Sometimes, personal and professional lives overlap in interesting ways, such as what is unfolding in the Joseph household. Ivan Joseph is vice-provost, student affairs, at Dalhousie University. On October 1, he will begin a five-year posting as vice-president, student affairs, at Wilfrid Laurier University. His son, also named Ivan Joseph, is an incoming first-year engineering student at Western University. He has opted to live in residence on campus. Recently, the two Ivans compiled a few questions and sat down to talk about the upcoming student experience, on and off campus.
What has it been like for you leading into September?
Vice-provost Ivan: Every university is trying to balance health and safety with what students want, which is an exceptional university experience. So, we are trying to figure out how to create that online. Meanwhile, many universities have decided to have small numbers of students on campus, which creates a level of concern.
None of us wants to put students at risk or have a situation like what happened in North Carolina, where the students showed up and a week later were sent home. So we are striving to find a balance without knowing in advance exactly how that can happen.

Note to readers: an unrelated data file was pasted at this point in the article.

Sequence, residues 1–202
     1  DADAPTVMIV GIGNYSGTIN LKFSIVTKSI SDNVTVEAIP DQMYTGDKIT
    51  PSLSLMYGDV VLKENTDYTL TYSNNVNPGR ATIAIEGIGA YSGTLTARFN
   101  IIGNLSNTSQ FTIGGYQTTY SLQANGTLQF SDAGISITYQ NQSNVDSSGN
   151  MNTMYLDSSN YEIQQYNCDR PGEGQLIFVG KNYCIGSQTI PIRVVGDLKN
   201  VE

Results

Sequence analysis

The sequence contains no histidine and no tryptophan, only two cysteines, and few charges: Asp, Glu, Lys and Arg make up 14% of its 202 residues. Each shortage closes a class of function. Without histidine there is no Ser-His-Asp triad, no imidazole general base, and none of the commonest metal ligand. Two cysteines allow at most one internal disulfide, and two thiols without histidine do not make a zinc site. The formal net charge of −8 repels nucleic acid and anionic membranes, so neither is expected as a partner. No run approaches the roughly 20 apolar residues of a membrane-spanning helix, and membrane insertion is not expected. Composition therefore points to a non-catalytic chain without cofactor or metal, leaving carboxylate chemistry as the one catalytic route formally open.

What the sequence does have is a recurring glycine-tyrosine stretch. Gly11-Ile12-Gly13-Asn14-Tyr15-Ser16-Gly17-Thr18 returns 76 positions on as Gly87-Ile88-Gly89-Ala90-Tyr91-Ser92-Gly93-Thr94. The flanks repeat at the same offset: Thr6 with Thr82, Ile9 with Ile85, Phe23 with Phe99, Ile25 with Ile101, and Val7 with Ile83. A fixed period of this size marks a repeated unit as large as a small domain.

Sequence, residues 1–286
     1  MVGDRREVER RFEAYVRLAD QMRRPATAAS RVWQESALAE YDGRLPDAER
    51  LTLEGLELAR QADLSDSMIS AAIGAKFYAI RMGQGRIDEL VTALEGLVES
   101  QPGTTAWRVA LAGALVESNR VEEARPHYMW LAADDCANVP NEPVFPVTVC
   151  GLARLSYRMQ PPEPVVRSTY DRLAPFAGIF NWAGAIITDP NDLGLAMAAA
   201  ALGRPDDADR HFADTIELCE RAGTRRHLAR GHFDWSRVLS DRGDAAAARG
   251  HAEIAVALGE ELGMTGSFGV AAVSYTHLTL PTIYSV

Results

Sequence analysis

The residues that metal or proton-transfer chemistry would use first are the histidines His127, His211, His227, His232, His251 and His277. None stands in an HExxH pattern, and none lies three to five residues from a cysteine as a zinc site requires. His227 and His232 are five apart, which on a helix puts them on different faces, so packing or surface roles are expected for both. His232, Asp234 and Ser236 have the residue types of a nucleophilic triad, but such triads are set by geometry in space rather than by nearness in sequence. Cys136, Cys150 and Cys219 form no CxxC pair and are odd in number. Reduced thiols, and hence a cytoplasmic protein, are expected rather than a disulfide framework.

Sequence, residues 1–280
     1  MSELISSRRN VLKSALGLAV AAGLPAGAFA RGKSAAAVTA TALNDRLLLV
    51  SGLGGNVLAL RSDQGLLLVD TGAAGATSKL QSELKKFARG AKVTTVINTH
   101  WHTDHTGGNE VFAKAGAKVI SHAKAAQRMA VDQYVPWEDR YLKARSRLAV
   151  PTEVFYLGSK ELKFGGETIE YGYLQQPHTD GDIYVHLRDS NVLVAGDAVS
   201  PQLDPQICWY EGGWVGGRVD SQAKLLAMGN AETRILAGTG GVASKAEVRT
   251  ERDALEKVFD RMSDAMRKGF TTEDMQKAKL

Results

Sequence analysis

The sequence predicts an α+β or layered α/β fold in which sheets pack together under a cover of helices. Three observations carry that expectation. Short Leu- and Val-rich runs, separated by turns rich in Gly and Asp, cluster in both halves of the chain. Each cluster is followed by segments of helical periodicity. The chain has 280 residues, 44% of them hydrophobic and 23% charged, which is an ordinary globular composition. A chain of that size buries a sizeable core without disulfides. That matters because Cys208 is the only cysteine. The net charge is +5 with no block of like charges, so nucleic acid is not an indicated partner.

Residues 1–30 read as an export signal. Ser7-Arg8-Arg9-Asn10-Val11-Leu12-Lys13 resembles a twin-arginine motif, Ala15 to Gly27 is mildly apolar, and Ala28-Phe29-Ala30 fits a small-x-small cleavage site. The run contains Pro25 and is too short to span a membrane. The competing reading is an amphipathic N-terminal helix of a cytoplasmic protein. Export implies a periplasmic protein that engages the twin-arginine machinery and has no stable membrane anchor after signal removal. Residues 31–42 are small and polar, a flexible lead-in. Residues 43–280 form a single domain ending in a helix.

First-year Ivan: Right when we as a group were coming into the best part of high school, when you have your uni acceptance and get to hang out with your friends, we all had to stay at home. And the quarantine made us lose events that mark our transition to this next phase, like graduation and prom. Now, we won’t have the normal frosh experience.
It feels like this big step into individuality keeps getting pushed back and there is no light at the end of the tunnel. I think we all understand what is happening, but it’s challenging to live with so much uncertainty and have something you’ve been waiting for so long continually delayed.
What are your priorities for the student experience this year?
First-year Ivan: Every student cares about succeeding in their program, but that’s more of a long-term consideration. I think the main priority for first-year students is interacting with new people. It’s a phase of your life you never get to relive – a time when you are around people your age and everyone is new. When you can go out and find your tribe.
It feels like a time when you lay a foundation for your whole university experience. Now, there is a worry that if it can’t happen, it won’t happen. How do you find community if you are learning online? How do you connect when you are six feet apart with masks on and you can’t see their smile?